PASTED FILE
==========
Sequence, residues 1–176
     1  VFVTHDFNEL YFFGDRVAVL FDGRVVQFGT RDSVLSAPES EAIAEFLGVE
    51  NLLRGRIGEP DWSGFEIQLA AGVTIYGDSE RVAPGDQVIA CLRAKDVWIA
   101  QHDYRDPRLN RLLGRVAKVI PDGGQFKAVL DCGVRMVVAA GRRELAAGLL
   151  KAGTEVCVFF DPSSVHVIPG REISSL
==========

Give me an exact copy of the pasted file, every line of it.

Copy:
Sequence, residues 1–176
     1  VFVTHDFNEL YFFGDRVAVL FDGRVVQFGT RDSVLSAPES EAIAEFLGVE
    51  NLLRGRIGEP DWSGFEIQLA AGVTIYGDSE RVAPGDQVIA CLRAKDVWIA
   101  QHDYRDPRLN RLLGRVAKVI PDGGQFKAVL DCGVRMVVAA GRRELAAGLL
   151  KAGTEVCVFF DPSSVHVIPG REISSL